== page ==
Copyright comes into effect when a work is created and it crosses the threshold of originality. Copyright includes moral and financial rights. Moral rights include the right to be acknowledged as the creator as well as the respect right (respect of the creation). Financial rights include the manufacture and distribution of copies of the work.
Copyright is regulated by the Copyright Act (8.7.1961/404). The Copyright Council of the Ministry of Education and Culture issues expert opinions on the application of the Copyright Act.
A scientific publication is always a work under copyright, but research data is not necessarily protected by copyright. When conducting research, it should be noted that the research data sets can include both copyrighted data and data without copyright. Regardless of whether the data is copyrighted or not, the use and storage of the data should be agreed between the researchers at the beginning of the study. If the data used in the research includes data not produced by the researchers (e.g. photographs or poems), the researchers have to make an agreement on its use as well.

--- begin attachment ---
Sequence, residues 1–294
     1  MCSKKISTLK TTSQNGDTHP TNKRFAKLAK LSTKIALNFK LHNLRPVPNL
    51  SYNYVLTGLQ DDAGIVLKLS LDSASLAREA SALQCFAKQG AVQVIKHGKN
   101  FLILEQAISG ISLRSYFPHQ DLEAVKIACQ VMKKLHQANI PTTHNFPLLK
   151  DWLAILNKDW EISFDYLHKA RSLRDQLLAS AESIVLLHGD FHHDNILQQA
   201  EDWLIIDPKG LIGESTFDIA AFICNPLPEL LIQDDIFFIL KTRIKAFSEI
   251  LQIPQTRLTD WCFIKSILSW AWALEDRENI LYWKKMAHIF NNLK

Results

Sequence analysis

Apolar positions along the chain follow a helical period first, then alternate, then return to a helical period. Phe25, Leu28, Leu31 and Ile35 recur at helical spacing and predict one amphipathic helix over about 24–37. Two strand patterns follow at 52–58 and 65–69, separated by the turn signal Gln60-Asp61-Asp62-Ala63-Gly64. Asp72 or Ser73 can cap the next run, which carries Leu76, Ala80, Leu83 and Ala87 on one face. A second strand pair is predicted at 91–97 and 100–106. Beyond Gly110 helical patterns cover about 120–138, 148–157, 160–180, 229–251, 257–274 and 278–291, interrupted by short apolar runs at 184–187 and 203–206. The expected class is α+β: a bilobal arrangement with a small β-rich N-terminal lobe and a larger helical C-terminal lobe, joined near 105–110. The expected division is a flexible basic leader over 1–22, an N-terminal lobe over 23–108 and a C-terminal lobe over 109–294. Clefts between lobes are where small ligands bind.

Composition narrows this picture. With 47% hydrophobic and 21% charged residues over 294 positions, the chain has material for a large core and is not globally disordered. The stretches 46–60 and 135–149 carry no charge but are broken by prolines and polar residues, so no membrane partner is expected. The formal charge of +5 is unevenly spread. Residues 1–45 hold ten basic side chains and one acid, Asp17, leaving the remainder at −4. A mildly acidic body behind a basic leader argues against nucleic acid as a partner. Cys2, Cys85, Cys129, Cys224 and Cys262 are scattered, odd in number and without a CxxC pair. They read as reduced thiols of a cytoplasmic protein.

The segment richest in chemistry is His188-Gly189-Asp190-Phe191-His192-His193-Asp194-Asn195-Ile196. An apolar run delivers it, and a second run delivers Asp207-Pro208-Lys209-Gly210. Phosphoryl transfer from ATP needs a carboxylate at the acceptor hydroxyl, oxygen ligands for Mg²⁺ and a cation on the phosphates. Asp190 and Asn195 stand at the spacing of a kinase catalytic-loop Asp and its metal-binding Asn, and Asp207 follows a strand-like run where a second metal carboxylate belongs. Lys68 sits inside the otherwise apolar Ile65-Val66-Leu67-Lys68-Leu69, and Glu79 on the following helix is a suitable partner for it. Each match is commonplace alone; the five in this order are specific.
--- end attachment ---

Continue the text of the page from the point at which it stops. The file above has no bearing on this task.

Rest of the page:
Making agreements is central in order to open and reuse data.
The University of Turku recommends that research data is opened for possible reuse. Therefore, the data should be licensed with a Creative Commons licence or some other licence. In Open Science it is recommended to use the Creative Commons CC-BY (= Creative Commons Attribution 4.0 International = CC BY 4.0) licence.
If you are using third party data in your research, make sure that you can store the data for long-term use if necessary. Try to get a permission/licence that allows the sharing of data. If necessary, make sure that the possible third party data that does not have a licence can be separated from your data so that the entire data does not lose its significance. If the data contains personal information, make sure that the data protection of the research subjects is in order and, preferably, make the data anonymous while conducting the research. More information is available on the University’s data protection intranet pages and in the Handbook of the Finnish Social Science Data Archive.